Senate Majority Leader Harry Reid has announced the broad outlines of the Senate’s health care reform compromise bill, which includes a public option with no ‘trigger mechanism,’ but which does have an “opt-out” provision for the states. The compromise reflects Reid’s math that his chances for 60 votes are better if he doesn’t try to win the support of Senator Olympia Snowe, whose “trigger mechanism” would have lost the vote of WV Democrat Jay Rockefeller and perhaps others. According to The New York Times report,
Senator Olympia J. Snowe of Maine…issued a statement saying that she would not support for Mr. Reid’s plan. “I am deeply disappointed with the majority leaders’ decision to include a public option as the focus of the legislation,” she said. Ms. Snowe expressed her long-standing position that a government-run plan should only be “triggered” in states where the health care legislation otherwise fails to provide affordable insurance to enough people.
It’s likely that Snowe’s inflexibility contributed to Reid’s decision — that if he announced in favor of a “trigger mechanism,” she would hang tough for a standard that would make any possibility of a real public option very doubtful, according to many experts. it appears unlikely that she would have been open to a face-saving “hair trigger’ version in which the ‘public option’ would kick in quickly, if insurers fail to offer affordable coverage. In the end, Reid must have concluded that she was more interested in killing the public option, period, than in achieving a compromise that would be acceptable to most Democrats. No doubt Reid also felt a responsibility to voters, who opinion polls indicate favor a real public option by a healthy margin. Making Snowe happy would likely have cost Democrats — and Reid — considerable public support. It appears she overplayed her hand.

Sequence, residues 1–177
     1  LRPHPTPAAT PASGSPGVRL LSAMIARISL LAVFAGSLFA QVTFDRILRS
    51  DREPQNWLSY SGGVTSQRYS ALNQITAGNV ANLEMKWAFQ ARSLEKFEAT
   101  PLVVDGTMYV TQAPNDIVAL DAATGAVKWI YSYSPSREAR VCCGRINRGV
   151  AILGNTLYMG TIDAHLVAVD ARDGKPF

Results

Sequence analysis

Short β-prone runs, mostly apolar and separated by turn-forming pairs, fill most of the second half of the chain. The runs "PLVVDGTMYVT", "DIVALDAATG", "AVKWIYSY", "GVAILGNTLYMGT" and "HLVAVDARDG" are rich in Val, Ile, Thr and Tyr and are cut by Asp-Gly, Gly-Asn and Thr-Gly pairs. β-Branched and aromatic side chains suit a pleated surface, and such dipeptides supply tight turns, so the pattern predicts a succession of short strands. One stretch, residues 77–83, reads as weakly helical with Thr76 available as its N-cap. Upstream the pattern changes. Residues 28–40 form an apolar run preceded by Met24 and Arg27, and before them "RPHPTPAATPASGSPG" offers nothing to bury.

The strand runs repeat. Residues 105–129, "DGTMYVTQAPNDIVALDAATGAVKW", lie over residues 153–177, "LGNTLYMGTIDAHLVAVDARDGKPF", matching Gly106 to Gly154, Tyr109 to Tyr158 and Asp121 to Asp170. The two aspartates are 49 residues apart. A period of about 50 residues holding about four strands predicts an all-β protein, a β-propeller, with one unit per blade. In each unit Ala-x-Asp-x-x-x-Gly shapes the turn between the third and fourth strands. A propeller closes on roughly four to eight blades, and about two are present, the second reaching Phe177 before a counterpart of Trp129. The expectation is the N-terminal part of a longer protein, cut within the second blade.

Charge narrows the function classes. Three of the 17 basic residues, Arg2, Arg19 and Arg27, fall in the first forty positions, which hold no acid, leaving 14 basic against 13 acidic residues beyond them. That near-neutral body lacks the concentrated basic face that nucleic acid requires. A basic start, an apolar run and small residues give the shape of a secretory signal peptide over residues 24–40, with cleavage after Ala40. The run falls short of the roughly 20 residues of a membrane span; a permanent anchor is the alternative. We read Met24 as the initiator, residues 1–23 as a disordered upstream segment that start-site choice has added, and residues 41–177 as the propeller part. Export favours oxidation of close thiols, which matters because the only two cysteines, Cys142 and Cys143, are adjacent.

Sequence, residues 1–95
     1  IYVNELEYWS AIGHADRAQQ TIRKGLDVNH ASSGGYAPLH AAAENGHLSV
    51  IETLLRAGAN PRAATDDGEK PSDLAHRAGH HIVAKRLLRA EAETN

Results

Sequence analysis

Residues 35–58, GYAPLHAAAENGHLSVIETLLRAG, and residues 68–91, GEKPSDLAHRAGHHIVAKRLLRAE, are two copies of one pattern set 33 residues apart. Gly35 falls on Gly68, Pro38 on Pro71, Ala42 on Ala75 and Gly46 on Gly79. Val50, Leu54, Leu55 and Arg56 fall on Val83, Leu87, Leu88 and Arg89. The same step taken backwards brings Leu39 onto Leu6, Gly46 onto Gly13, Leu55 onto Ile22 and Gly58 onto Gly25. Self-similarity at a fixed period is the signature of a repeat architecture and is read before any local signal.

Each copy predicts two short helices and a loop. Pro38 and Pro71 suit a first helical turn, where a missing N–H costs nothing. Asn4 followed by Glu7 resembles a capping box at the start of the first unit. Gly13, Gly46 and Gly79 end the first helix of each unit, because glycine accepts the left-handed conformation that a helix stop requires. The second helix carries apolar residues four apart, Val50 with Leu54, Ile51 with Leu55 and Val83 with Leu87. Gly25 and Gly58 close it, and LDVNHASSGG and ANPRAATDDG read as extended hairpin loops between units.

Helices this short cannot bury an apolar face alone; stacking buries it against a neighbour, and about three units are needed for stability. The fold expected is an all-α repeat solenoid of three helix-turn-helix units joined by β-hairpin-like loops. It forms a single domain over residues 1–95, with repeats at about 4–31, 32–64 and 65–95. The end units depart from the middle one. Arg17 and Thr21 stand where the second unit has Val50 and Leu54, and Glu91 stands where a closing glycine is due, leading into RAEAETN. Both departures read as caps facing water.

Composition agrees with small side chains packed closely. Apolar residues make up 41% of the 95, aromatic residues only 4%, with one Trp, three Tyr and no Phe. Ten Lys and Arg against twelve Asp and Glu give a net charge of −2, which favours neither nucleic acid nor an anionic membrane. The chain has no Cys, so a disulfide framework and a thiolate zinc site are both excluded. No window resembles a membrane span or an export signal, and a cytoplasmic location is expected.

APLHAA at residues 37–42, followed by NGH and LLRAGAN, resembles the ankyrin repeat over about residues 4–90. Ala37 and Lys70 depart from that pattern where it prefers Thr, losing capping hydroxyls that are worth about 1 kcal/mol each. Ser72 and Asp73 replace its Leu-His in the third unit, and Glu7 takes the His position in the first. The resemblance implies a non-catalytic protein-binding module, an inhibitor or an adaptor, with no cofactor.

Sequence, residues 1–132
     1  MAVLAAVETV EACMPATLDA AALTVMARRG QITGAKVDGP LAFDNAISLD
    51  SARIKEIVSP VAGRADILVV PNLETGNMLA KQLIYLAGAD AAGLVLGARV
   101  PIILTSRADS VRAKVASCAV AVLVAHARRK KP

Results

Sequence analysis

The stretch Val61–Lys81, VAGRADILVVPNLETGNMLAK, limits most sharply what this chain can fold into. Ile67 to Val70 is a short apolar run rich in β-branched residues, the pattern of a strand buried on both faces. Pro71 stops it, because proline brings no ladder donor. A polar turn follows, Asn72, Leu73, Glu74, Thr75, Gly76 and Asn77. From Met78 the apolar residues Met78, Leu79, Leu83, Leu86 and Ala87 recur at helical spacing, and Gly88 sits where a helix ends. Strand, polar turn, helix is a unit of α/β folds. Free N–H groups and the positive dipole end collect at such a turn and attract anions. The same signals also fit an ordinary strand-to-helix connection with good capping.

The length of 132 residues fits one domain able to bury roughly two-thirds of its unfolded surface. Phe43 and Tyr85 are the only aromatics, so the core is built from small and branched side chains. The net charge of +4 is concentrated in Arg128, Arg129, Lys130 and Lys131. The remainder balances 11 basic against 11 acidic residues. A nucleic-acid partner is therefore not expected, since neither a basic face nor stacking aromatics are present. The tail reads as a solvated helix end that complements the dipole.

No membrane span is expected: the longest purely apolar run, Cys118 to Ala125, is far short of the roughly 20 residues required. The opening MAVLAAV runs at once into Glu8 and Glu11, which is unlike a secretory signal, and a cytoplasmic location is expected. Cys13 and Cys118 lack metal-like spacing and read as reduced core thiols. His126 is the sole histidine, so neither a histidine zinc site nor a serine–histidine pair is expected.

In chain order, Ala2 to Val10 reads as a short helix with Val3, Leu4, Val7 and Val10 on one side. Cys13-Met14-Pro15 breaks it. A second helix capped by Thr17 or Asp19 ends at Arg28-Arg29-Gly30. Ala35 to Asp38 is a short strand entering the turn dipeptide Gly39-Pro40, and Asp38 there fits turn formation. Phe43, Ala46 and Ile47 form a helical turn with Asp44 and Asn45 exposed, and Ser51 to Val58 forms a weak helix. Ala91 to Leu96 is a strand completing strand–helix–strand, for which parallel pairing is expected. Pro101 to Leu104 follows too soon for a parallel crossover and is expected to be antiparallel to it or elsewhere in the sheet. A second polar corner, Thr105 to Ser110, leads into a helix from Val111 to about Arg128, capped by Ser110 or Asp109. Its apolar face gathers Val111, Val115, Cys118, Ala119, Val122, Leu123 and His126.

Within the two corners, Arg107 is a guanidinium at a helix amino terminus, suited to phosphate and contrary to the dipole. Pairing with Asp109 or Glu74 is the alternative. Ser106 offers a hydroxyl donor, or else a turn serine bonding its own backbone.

According to the L.A. Times report by Noam M. Levey, Reid’s plan has 58 votes, and he feels that he has a good chance to win the two more he needs for victory on a cloture vote. Levey did not identify the two Senators Reid needs to win, But the NYT article says that Senators Mary Landrieu of Louisiana and Ben Nelson of Nebraska have “expressed doubts” about the plan.
The plan reportedly also provides for taxing of the so-called “Cadillac” health care plans, although there are no details about definitions yet available. Hopefully Reid won’t draw the line low enough to incur the opposition of unions. Democratic support for Reid’s compromise will turn to some extent on the Congressional Budget Office cost analysis.